Orange story another instance of a child s adept accommodation to adult expectations

Sign – is simply an indicator; it tells us that something exists, or did, or will in the future. It is a symptom, a part of a larger event or of a more complex condition, and it signifies the rest to an experienced observer.

Thunder....close window.


Orange story another instance of a child s adept accommodation to adult expectations

  • Symbol – leads us to conceive their objects and we respond to our conceptions of them rather than to them as immediate concrete phenomena.


Orange story another instance of a child s adept accommodation to adult expectations

Two forms of articulation:

  • Discursive – Constituents presented successively, linear (written, spoken, formula). Allows for a theory of knowledge (information).

  • Non-Discursive – Conceived as presentational symbols. Constituents are presented simultaneously; structuregrasped as whole. Allows for a theory of understanding.

  • A work of art is... (p. 13)


Orange story another instance of a child s adept accommodation to adult expectations

  • Discursive – Constituents presented successively, linear (written, spoken, formula). Allows for a theory of knowledge (information).


Orange story another instance of a child s adept accommodation to adult expectations

  • Non-Discursive – Conceived as presentational symbols. Constituents are presented simultaneously; structuregrasped as whole. Allows for a theory of understanding.


Art as presence

Art as Presence

Irwin’s thesis on how we “leave” reality; how we move from “pure” perception to compounded abstraction.

Presence is understanding how our perceptions/conceptions are carried over to mean something wholly independent of their origins.

Movement from subjective being (private access) to objective being (public access).


Orange story another instance of a child s adept accommodation to adult expectations

  • Perception/sense originary: We know the sky’s blueness even before we know blue, let alone sky.


Orange story another instance of a child s adept accommodation to adult expectations

  • Conception/mind: mental operations isolate but they do not name, zones of focus: this shadow, that house, that horizon...intuitive thinking.

  • Form/physical compound: meaning occurs; able to communicate because of naming—signs, symbols, acts.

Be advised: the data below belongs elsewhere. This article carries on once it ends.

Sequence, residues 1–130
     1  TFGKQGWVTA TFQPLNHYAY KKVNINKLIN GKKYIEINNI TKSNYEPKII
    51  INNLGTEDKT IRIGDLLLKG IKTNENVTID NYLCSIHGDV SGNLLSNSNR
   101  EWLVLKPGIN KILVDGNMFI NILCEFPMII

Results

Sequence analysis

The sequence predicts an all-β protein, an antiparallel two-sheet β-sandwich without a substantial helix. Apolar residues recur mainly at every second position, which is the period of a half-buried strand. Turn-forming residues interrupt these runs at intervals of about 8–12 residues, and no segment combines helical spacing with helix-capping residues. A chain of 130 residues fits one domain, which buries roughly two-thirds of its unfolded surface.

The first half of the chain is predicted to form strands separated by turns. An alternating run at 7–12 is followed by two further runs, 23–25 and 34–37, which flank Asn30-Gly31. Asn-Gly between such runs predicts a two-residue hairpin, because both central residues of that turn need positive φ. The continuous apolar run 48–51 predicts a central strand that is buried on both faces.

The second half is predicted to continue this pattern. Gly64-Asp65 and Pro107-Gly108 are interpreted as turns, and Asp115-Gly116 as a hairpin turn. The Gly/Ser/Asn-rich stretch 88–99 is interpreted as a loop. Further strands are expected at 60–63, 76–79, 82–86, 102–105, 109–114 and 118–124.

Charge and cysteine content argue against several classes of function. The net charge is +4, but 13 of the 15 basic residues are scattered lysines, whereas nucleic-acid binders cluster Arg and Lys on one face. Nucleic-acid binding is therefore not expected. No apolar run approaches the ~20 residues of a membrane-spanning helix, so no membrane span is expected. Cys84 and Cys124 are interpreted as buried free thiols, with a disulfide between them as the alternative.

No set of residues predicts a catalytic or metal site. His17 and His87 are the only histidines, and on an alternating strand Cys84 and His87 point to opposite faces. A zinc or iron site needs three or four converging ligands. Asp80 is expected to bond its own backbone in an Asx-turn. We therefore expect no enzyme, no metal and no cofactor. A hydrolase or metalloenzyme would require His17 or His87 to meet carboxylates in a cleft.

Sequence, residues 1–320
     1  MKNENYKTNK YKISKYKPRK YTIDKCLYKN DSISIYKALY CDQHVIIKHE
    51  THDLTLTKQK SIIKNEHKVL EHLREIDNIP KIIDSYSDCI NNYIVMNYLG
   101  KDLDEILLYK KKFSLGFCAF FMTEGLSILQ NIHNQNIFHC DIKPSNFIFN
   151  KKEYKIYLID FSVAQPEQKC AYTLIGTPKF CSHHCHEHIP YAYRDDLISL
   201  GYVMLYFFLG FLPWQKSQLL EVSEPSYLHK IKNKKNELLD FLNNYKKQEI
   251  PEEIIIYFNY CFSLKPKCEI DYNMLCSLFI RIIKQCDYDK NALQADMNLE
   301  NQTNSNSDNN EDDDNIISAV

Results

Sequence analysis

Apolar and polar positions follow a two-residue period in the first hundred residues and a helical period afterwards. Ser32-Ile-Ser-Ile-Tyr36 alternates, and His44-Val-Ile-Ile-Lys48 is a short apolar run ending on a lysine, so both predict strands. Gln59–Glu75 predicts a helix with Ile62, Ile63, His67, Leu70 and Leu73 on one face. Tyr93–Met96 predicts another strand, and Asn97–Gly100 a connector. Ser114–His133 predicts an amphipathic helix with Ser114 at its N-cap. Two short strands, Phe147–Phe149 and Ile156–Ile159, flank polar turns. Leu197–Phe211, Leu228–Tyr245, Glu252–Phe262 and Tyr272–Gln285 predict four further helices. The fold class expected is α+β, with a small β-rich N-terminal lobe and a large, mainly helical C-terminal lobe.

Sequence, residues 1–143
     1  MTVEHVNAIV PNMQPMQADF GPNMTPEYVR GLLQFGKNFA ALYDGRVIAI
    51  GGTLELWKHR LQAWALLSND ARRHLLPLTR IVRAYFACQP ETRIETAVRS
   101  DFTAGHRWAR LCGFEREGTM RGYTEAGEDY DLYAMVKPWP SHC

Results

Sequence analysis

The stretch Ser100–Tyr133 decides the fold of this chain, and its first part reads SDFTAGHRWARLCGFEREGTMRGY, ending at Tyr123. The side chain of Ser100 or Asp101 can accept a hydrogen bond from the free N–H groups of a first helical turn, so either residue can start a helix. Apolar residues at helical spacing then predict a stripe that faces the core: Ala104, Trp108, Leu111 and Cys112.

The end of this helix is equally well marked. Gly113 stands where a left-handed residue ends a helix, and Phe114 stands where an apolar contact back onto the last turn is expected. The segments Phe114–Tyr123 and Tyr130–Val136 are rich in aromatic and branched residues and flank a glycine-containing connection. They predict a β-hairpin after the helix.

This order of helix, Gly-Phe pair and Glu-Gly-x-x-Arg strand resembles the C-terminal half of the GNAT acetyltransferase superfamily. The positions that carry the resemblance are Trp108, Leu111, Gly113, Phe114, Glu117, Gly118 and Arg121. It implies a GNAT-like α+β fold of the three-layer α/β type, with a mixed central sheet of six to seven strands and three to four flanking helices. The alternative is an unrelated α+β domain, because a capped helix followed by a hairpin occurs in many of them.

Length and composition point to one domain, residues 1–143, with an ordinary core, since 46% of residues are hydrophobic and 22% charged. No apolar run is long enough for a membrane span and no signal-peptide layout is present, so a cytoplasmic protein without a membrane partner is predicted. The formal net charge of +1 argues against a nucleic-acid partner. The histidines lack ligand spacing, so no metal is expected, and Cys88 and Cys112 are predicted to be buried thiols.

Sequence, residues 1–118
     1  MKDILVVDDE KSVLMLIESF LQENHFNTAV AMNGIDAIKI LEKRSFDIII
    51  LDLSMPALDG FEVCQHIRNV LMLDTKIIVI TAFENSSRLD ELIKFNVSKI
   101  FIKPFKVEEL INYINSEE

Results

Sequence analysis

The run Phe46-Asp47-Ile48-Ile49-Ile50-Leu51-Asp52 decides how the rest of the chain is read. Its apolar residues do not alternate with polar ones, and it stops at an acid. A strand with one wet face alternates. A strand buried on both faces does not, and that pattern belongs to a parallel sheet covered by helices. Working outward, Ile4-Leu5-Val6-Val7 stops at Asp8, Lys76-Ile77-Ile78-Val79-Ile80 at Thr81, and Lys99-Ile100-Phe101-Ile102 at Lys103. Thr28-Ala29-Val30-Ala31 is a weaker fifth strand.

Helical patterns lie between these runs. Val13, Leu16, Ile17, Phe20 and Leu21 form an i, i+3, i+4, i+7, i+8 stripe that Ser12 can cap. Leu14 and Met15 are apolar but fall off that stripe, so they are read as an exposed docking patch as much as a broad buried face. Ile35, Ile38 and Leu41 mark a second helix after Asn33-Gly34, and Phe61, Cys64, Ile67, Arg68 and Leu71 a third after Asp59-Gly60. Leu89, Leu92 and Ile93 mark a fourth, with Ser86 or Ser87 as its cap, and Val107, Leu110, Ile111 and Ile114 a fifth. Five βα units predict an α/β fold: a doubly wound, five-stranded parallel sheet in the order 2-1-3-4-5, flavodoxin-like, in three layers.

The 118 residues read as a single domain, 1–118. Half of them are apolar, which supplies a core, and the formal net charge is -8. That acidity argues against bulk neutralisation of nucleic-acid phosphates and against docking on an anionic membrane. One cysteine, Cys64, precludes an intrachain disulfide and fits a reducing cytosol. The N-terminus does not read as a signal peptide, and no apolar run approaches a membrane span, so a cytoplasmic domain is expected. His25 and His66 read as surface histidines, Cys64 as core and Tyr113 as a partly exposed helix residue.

Orange story another instance of a child s adept accommodation to adult expectations

  • Formful/objective compound: relational patterns are developed among these named things. (History is written and studied as fact/knowledge “out of context.”)

  • Formal/boundaries and axioms: patterns are reified; mental constructions become reality, confused with life itself... colorwheel, clock, calendar time, weight measures, grammer, government, religion...


Orange story another instance of a child s adept accommodation to adult expectations

Reason: individual, intuitive

and feeling.

Logic: Communal,

intellectual and mental.


Orange story another instance of a child s adept accommodation to adult expectations

  • Formalized stage: completely estranged from direct perceptual experience and these standardized measures begin to dictate our behavior. (Irwin questions their contributions to human and social concerns.)

    The movement from perception to formalization implies a loss. When we mistaken an abstraction for the real thing, then that real thing is concealed.


Essential conditions for making art artistic causality

Essential Conditions for Making Art: Artistic Causality

  • The artist feels like an origin, not a pawn

  • “I am what I do. I am what I make”

  • Suggests “originator instinct”

  • Read bottom of p. 19!


Essential conditions for making art idiosyncratic meaning

Essential Conditions for Making Art: Idiosyncratic Meaning

  • Subjective

  • Bound to a particular person and situation

  • Decisions specific to the individual


Essential conditions for making art intentional symbolization

Essential Conditions for Making Art: Intentional Symbolization

  • To actually work over into materials some equivalent of idiosyncratic meaning

  • To use the properties of medium for personal relevance


Essential for authentic teaching

Essential for Authentic Teaching

  • An individual’s experience is the curriculum.

  • Narrative important: “The main character of the educative process is that it has a self-emergent direction rather than a dictated or preconceived one.”

  • Abstractions are not mistaken for reality. Curriculum should be grounded in the concrete and specific. (Epilogue)


Making

Making

  • Art as Praxis

  • Originator

  • Passion

  • Artistic Causality


Naming

Naming

  • Art as Symbol

  • Transformer

  • Pertinent

  • Intentional Symbolization


Seeing is forgetting

Seeing is Forgetting...

  • Presence

  • Reclaimer

  • Personal

  • Idiosyncratic Meaning